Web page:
Another autumn, another installment in the Jackbox series from Jackbox Games. You’re probably familiar with the franchise by now: the studio behind hit PlayStation 1 trivia game You Don’t Know Jack! have created a variety of minigames suited for parties or streaming, with players using their smartphones to participate. The host system provides a room code, then participants log in and play along with the presentation on screen. This year’s offering, however, may stand out as one of the better collections.
The first game is Quiplash 3, an update of a classic previously featured in volumes 2 and 3, and as a standalone. Quiplash presents players with two secret prompts on their device; they submit their answers, and the collective votes for their favourite answers — more votes, more points. This time the final round is a Thriplash, requiring three answers per prompt: for example, “three signs you’re falling in love” or “honestly, the three greatest achievements of mankind have been (blank).” Quiplash is one of the most fun and accessible games in the series, and that remains true here.
Next is The Devil and the Details, a somewhat unique entry. Players assume roles in a family of devils acclimatizing to life in a suburban area, taking on domestic chores listed on their devices (“ie. mow the lawn, muck out the gutters, stand in the garage and sigh”). Tasks are performed by following prompts and touching their screens: tap or don’t tap the screen at a certain time, rotate an object, look up the phone number for a plumber in a phone book and dial it, etc. A handful of tasks must be completed to succeed each round. Completing tasks earns points toward the family score, and each individual player is also ranked for their contributions to the whole.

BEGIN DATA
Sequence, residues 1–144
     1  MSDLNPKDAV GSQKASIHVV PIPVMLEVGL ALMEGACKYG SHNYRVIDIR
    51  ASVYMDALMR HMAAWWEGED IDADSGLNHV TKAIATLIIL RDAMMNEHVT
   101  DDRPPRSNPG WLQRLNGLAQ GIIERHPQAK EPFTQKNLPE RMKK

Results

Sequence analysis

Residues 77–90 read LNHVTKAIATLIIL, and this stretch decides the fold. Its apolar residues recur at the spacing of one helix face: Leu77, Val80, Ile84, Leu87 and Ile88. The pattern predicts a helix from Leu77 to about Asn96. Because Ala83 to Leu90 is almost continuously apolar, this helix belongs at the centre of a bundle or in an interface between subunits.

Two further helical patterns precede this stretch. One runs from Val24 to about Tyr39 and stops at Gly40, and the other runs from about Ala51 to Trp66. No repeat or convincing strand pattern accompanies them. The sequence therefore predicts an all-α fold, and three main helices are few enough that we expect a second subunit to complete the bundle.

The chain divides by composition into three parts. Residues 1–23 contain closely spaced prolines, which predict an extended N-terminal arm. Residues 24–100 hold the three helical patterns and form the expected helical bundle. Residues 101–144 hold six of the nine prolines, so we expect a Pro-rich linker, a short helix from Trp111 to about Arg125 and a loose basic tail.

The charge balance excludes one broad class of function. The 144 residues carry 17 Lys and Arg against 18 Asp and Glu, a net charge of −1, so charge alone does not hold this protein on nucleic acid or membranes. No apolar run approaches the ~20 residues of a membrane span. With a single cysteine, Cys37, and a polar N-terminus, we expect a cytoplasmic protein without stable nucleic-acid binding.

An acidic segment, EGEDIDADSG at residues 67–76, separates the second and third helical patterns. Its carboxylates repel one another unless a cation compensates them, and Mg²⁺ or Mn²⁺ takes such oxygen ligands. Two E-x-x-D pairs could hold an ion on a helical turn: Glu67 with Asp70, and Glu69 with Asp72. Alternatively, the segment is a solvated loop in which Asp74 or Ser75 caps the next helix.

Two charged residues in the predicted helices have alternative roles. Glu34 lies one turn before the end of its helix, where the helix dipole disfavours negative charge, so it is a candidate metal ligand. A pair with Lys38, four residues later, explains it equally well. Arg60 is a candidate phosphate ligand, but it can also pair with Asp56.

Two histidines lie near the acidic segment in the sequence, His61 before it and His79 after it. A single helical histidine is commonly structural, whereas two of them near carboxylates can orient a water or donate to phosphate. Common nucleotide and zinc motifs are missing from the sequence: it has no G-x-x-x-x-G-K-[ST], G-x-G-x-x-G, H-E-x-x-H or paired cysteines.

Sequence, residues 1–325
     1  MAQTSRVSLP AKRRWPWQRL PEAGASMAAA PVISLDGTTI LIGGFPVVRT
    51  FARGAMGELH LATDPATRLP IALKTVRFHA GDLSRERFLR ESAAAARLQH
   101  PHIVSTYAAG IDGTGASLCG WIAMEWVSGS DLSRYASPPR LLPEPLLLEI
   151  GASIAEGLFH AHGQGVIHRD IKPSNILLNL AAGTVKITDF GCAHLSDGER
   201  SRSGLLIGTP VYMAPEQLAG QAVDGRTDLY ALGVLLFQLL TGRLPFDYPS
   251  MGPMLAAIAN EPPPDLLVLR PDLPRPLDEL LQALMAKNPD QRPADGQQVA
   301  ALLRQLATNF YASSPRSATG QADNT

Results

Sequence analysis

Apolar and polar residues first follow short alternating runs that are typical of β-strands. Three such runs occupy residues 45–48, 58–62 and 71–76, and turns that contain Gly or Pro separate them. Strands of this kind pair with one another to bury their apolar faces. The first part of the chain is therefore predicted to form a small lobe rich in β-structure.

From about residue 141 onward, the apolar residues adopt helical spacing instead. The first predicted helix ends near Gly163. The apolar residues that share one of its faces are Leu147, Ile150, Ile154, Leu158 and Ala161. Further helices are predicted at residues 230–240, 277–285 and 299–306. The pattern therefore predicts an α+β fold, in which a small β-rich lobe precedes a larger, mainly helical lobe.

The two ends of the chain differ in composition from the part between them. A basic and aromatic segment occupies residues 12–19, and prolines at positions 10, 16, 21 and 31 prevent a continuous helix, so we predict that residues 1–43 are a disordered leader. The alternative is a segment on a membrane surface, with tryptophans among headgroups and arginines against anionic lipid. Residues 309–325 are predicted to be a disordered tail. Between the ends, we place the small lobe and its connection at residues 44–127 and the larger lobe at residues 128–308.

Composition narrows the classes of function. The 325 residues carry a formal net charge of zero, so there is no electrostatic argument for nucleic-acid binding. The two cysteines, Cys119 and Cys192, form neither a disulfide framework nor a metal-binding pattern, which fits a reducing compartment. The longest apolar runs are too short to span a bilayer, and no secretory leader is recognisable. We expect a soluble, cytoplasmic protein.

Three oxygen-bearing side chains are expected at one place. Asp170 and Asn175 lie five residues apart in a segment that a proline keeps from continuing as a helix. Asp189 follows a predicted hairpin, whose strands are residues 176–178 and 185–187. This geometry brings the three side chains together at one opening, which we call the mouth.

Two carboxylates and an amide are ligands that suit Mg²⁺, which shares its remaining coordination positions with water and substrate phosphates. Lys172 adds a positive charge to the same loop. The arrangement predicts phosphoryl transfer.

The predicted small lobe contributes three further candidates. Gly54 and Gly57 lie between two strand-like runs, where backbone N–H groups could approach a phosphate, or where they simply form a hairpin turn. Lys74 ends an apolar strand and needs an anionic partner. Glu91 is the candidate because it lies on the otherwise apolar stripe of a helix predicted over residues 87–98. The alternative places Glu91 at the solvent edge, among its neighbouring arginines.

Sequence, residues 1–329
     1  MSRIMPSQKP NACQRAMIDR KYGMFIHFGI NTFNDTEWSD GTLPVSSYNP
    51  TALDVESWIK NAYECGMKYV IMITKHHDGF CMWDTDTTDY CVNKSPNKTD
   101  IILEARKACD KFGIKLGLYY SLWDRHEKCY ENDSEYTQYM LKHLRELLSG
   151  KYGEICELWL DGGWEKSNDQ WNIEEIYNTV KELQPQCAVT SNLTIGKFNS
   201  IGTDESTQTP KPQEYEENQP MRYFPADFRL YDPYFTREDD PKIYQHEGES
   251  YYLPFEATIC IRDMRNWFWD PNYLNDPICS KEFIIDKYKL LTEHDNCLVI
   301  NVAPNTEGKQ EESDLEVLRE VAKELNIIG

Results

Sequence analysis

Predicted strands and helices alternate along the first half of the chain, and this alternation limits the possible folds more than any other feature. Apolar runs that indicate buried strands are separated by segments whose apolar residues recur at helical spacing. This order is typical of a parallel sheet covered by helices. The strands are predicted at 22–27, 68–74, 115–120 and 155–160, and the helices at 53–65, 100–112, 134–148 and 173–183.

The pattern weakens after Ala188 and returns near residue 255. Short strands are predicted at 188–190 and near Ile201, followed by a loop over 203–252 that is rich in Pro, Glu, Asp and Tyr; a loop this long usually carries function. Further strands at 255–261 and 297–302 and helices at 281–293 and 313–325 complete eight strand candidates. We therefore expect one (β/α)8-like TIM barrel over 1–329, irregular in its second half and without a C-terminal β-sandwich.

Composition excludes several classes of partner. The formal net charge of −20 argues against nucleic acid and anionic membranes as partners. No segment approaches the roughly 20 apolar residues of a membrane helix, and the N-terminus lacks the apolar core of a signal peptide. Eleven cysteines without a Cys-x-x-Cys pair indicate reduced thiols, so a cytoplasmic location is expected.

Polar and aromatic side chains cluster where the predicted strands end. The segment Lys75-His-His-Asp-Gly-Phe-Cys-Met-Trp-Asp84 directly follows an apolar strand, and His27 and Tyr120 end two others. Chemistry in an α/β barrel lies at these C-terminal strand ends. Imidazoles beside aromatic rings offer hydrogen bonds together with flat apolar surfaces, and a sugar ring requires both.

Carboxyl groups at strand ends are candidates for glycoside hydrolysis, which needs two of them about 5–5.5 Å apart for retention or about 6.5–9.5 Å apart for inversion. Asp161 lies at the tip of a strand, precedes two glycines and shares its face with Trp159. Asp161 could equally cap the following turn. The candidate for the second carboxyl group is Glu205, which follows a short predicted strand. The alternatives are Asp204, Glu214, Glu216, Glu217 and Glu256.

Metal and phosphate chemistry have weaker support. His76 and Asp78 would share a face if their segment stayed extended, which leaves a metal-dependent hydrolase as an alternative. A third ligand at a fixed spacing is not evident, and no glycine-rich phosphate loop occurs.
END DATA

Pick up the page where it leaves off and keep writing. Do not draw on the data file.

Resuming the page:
Some tasks are accomplished with teamwork; at one point I needed everyone else on the team to pitch in before we could pass a mandatory task. Other tasks are “selfish.” They award a lot of points toward one player’s total but don’t help the family’s overarching goal, and if too many are done, they can trigger a crisis for the entire team. The key is to complete goals as a whole while also competing to be the top scorer, and shutting down others’ selfish tasks.
This might have been the most fun game of the pack. The balance between team and selfish tasks, and the various tasks required, led to a lot of friendly shouting as players struggled to work together. It’s also the most video game-like experience in the franchise, at least since Volume 5’s ill-advised Zeeple Dome. Thirty different scenarios would keep it fresh on multiple replays, as well.
The third game is this year’s drawing game, Champ’d Up. Each contestant is given a prompt and must draw a fighter on their smartphone that suits it — for instance, “the champion of cool” or “the champion of needing to dial it down.” The drawing and its name, but not the prompt, are sent to another player, who has to draw an opponent to contend against them for the title, and the other players vote for their favourites. The process repeats in the second round, except players can substitute their creations from the first round during voting. As usual, the game is playable (if not better) even if the players are bad artists.